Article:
There are “no significant radiological consequences” to the use of depleted uranium ammunition, International Atomic Energy Agency (IAEA) Director General Rafael Grossi has declared. Russia insists that Grossi is “not telling the whole story.”
“From a nuclear safety point of view there are no significant radiological consequences” to the use of this ammunition, Grossi told reporters during a briefing on Monday.
“Maybe in some very specific cases, people near a place that was hit with this kind of ammunition, there could be contamination,” he continued, adding that “this is more of a health issue of a normal nature than a potential radiological crisis.”
Depleted uranium is used to make the hardened cores of certain armor-piercing tank and autocannon rounds. Although it is not highly radioactive, uranium is still a toxic metal, and this metal is turned into a potentially hazardous aerosol when a depleted uranium round strikes its target.
US forces utilized depleted uranium tank shells during the 1991 Gulf War, reportedly causing a spike in birth defects, autoimmune disorders, and cancer cases in Iraq over the following decades. NATO also used depleted uranium in its 1999 air campaign against Yugoslavia. Earlier this year, Serbian Health Minister Danica Grujicic described the carcinogenic consequences of this ammunition on the Serb population as a “horrible and inhumane experiment.”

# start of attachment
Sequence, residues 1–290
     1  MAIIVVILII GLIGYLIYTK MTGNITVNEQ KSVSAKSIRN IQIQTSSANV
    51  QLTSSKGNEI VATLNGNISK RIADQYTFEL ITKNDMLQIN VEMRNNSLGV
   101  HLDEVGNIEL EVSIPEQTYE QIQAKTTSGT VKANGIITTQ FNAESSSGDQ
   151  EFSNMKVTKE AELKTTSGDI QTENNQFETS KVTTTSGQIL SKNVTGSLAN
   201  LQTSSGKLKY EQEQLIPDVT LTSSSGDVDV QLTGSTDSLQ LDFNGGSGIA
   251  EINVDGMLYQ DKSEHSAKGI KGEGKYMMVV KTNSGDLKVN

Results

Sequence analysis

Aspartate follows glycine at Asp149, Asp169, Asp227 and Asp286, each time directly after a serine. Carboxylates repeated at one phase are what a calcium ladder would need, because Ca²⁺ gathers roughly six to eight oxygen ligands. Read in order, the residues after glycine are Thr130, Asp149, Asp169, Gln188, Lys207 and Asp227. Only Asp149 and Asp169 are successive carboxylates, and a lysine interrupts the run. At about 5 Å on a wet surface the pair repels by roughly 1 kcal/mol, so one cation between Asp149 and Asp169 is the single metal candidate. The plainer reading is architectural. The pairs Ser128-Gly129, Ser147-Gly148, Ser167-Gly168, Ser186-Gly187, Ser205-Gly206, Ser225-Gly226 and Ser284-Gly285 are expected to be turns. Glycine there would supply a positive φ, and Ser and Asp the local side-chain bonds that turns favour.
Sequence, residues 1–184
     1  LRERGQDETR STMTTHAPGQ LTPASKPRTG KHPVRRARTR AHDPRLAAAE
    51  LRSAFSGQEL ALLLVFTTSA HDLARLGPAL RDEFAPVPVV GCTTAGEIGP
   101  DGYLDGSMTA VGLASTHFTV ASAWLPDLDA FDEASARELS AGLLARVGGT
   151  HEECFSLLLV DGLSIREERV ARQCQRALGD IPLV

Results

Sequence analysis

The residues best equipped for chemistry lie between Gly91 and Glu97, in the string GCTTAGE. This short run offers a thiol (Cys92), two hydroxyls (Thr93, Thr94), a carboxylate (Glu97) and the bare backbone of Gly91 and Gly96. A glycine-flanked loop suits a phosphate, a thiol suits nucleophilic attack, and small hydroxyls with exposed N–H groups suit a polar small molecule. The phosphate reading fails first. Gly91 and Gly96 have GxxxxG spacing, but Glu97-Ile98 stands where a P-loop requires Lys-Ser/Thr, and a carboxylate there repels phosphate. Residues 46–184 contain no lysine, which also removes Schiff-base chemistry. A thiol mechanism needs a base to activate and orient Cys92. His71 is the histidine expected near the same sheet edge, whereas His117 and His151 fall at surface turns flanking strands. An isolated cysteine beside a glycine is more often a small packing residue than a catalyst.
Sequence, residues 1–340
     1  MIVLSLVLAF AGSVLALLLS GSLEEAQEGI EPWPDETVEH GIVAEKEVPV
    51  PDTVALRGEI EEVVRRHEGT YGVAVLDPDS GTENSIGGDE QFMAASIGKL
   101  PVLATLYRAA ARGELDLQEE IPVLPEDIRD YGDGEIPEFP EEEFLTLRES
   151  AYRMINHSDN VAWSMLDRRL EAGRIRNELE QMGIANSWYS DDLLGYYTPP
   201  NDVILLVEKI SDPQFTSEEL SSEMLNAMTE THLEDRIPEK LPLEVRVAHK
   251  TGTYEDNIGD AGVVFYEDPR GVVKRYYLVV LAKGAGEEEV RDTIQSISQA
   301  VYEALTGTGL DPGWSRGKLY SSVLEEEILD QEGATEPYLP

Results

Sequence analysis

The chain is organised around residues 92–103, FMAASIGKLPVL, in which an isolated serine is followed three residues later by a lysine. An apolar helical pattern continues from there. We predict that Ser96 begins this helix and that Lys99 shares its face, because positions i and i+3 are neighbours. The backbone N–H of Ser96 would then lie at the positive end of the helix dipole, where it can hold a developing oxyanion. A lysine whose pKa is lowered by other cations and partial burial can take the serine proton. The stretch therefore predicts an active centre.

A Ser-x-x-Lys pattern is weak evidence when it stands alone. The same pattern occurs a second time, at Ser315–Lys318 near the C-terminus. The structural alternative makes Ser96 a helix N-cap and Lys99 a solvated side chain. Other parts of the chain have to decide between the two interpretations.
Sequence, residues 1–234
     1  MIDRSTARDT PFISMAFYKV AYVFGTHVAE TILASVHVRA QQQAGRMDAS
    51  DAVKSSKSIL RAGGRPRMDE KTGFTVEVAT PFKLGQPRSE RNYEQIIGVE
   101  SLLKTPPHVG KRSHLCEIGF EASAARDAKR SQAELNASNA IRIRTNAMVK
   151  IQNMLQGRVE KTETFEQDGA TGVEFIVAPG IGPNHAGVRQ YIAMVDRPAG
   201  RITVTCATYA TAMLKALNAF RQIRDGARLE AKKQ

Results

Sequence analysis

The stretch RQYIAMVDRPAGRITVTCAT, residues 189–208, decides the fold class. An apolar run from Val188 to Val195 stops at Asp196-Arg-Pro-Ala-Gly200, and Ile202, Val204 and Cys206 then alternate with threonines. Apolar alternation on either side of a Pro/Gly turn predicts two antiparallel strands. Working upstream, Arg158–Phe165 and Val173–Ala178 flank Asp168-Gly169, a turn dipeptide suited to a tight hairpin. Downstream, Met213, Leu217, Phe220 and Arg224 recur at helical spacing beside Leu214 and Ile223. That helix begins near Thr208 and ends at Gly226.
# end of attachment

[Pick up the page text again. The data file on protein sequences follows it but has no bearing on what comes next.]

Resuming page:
The UK began supplying Ukraine with depleted uranium tank shells in March, while the US announced last week that it would send depleted uranium ammunition for its M1 Abrams tanks, which are expected to arrive in Ukraine in the coming weeks.
By focusing on the issue from a nuclear safety point of view, Grossi was being deliberately disingenuous, Russian Foreign Ministry spokeswoman Maria Zakharova wrote on Telegram on Monday.
“Mr. Grossi is, of course, right in saying that there are no significant radiological consequences from the standpoint of ‘nuclear safety,” she wrote. “It’s likewise obvious, though, that he is not telling the whole story.”
Zakharova pointed out that depleted uranium releases “extremely toxic aerosols” when ignited and vaporized. “Perhaps this is beyond Mr. Grossi’s expertise as head of the IAEA,” she concluded. “This question should be addressed to chemists, who will tell us about the harmful effects of heavy metal accumulation on the environment and human health.”
Russian forces claim to have destroyed at least one warehouse in Ukraine containing British depleted uranium shells. Kremlin spokesman Dmitry Peskov warned last week that the West will ultimately be responsible when this ammunition “inevitably” contaminates Ukrainian land.